So much orange and gold!  On the floor of the main area is a lovely pink and gray patterned vinyl.



The kitchen counters are dated linoleum but the pattern is not noticeable from just a few feet away and reads as a decent buttery creamy color.  Good, cause they’re staying. IMG_2445


The walls are all covered in grasscloth wallpaper, which is experiencing a trendy revival right now. Sadly, the peach color and waterstained spots on it make it only worthy of the dumpster.  Did I mention all the wallpaper we have to get off?  Not looking forward to that.



We have a problem with the windows, which I didn’t realize until we were in escrow (and it wasn’t a deal breaker).  All the south facing windows have a heavy amber tint on them.  You can really see it where the window is slid over and the glass is doubled up.  It makes me feel like I’m inside a cigarette – everything is all dingy and yellowed.  I thought initially it was just the paint and finishes, but it’s also the windows!  I desperately hope I can get the tint off myself with the help of Google, because I want to enjoy that California sunshine.



Next is the main bathroom, in the hallway.  I won’t be tackling this until after we’ve moved in but I think that with everything painted and a decent mirror, lights, tile, and towels it will be quite passable without much of a budget.



The girls’ bedroom –  not much to say here except thank goodness there’s no wallpaper! They will probably be living with it as is for quite a while.



The master bedroom.  Wallpaper.  Mismatched sconces.  A wall of windows!  Two closets.  And…


it even has its very own laundry room – slash – master bathroom.  Yup.  I don’t even know how we would change all this – it would be extremely expensive to rearrange the location of things due to all the plumbing.  The toilet is around behind the sink wall.  I’ll worry about it in 3-5 years!  Meanwhile I’ll just be glad there’s no wallpaper.



So there you have it, a badly lit introduction to our new house!  I hope you will follow along on this journey with us.  It promises to be a huge adventure/challenge.

Hi friends!  It’s been a little while but I can feel the interest and inspiration for decorating & DIY creeping up on me again.  The only difference is that now my decorating budget is even smaller, haha sigh…

When I think of the projects we have going, most of them are creeping forward at a very slow pace – the granny flat, refinishing the windows, various minor house decor tweaks.  Much too boring to blog about.  I have a few awesome things to share in the weeks ahead as I work on some more interesting ideas, but right now  I do have one great project to tell you about – our backyard!

Here’s the motivation for putting a fenced backyard onto our property.

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She recently turned one, and she’s been walking for two months now.  Baby needs a safe place to roam where I don’t have to be standing over her every second to keep her safe.  Because this is the backyard before.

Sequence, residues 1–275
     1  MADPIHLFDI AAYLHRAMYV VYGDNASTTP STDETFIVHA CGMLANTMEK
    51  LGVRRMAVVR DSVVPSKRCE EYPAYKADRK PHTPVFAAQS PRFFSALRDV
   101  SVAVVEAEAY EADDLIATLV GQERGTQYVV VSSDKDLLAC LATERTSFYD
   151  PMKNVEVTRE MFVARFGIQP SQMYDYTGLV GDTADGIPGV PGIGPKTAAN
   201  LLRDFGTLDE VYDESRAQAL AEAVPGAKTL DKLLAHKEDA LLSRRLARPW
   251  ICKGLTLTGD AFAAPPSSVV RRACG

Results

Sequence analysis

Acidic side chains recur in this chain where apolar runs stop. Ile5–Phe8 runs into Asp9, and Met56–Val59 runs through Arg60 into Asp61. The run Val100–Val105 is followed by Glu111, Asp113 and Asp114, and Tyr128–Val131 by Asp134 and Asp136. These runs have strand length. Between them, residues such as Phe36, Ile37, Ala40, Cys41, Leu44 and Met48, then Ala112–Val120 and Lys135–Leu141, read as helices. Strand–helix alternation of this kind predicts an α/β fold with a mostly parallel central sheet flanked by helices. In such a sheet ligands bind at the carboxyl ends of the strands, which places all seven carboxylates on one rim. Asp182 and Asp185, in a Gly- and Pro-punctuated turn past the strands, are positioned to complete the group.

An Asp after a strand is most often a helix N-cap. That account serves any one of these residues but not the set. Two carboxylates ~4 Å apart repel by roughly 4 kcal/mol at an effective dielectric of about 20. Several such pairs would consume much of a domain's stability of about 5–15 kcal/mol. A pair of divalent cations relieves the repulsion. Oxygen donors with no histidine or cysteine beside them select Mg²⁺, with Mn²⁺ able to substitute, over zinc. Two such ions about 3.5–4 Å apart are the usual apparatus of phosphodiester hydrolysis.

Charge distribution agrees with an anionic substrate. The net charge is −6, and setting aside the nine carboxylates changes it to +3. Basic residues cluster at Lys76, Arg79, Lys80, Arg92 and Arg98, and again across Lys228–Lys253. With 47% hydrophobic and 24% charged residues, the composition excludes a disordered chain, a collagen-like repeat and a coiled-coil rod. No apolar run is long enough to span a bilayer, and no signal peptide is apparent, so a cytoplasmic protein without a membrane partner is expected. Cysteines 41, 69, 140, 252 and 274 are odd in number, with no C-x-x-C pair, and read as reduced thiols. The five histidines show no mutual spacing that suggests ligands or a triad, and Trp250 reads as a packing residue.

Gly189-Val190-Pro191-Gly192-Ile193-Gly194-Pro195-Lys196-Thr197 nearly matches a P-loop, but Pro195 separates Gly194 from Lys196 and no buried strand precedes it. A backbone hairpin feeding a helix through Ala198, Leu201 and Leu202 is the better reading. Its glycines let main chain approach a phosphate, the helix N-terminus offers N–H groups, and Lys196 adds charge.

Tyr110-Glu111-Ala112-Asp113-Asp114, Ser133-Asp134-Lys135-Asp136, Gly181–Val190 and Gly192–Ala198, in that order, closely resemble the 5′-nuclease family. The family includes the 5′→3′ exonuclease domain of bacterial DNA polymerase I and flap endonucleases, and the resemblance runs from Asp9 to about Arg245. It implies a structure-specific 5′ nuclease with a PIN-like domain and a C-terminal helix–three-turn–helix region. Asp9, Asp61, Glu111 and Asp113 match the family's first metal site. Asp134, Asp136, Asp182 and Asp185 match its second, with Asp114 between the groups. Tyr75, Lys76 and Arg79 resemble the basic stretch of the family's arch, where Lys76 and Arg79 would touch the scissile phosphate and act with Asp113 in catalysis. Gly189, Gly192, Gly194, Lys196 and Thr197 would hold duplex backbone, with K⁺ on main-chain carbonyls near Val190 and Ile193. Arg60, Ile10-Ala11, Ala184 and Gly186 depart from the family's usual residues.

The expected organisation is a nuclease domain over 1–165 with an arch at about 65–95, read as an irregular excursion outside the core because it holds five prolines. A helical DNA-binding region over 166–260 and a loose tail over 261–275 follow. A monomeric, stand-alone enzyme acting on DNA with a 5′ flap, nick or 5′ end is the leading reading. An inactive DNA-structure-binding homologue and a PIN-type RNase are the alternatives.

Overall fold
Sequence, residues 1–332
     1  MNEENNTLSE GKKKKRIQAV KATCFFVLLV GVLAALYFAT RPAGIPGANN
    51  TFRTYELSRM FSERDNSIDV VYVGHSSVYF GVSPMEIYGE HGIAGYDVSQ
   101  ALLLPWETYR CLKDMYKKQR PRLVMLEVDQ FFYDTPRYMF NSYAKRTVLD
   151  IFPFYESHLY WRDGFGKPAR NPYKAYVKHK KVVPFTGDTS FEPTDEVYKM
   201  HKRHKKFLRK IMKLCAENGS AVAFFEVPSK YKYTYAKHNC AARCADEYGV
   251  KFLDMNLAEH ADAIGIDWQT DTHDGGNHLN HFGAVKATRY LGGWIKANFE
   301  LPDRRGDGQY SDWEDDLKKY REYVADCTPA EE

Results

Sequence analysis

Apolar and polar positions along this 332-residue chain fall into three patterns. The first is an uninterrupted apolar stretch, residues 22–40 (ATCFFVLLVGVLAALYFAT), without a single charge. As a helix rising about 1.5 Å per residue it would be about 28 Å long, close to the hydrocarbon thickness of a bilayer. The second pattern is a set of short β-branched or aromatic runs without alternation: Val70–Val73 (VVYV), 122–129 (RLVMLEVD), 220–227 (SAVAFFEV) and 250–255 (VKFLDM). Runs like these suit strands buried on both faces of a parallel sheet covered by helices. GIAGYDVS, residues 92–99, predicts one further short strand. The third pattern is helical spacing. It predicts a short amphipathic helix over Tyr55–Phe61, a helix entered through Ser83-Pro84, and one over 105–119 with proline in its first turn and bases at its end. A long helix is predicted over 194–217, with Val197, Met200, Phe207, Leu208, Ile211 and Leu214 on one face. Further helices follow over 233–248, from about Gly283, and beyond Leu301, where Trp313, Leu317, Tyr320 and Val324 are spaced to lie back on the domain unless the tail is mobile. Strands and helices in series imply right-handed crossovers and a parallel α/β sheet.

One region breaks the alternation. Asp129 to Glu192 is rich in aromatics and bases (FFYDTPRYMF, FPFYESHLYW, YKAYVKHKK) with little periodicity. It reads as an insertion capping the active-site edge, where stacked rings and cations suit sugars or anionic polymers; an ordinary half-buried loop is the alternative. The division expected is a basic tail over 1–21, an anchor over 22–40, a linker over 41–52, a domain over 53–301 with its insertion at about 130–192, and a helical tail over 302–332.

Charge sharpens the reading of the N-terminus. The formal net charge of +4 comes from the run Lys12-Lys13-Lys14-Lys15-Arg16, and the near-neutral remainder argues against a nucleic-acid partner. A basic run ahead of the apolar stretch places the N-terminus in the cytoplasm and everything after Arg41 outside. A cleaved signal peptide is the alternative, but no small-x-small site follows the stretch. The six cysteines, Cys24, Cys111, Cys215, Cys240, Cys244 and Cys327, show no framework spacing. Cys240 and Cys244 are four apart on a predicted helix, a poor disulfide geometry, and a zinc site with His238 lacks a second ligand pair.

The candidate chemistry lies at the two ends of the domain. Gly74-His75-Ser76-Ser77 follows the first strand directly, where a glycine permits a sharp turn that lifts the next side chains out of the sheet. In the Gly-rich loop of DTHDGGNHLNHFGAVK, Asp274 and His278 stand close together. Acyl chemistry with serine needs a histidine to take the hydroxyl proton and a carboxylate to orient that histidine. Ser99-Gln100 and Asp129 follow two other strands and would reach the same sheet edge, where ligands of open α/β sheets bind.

view toward housebig empty yard

Not really safe for a little one to run around, and so many sharp/dangerous things to climb on or put in the mouth, so the Chief did a blitz backyard 1000% makeover in two weeks.  Two weeks people!!  He is a star.  He just decided that if we were going to make a yard, we were going to put down sod and have it ready for the Cinco De Mayo party we had planned.

Step one: well really step one was install the fence but I forgot to take any pictures.  We got simple 3′ squared off black iron fencing from Home Depot which was one of the cheaper options they had, and also isn’t so enclosing as to stop the sightline to the rest of the property.  The yard still feels big.

Step one that I have a picture of was to put down a truckload of composted chicken manure.  This stuff smelled kind of bad for a few days until all the ammonia had evaporated, but it is the best for growing things – I wish I’d thought to keep some for my veggie garden but when the Chief gets a wild hair he just goes for it till the project is done, and I didn’t really have time to think of that till it was too late.

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We watched.  It smelled.

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Later on I helped shovel it around the whole yard with Miss E on my back.  You can see the gate here – a friend made it by hand and the Chief has been storing it in the shed for years now.  Amazingly, it fits perfectly with the rest of our fencing system!

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Then the Chief rototilled the manure into the soil so everything was nice and deep and loose for roots to take hold.

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Lastly, he used a wide pushbroom to make everything flat and level.

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I didn’t get pictures of the next two steps, which were laying the sod and putting in the last sections of fence.  It’s important with sod to really wedge the edges tightly against each other when you install it, so that you don’t get gaps or dead edges.  The Chief did a really great job with that.  Lastly, he installed a small area of redwood decking to put the barbecue on and open up the patio, with two redwood steps leading down to the lawn.  It makes such a difference to the finished feel of our yard.

Here’s the patio!  The house exterior has work yet to be done but the yard is soooo amazing already.

backyard after


Here’s another view where you can see how the Chief put in a tall wooden fence with a locking gate in between the shed and our house.  On the other side of that will be the granny flat’s little enclosed front yard, so we’ll both have privacy.IMG_2852 (1024x767)The back yard is amazing and we all use it and enjoy it every day.  We were able to keep costs down by borrowing all the heavy equipment we used and by DIY of course!  Sod cost about 4x what seed would have cost, but the Chief wanted grass for the party and it wasn’t that big an area to do after all.  Now that it’s established it only takes about 4 minutes of watering every day, even in the crazy heat we’ve been having.  Oh yes, the Chief installed the sprinkler system himself too!

Any tips on backyards with little kids and maybe (hopefully) getting in some garden beds?  What have you done to make a haven of your yard for your family?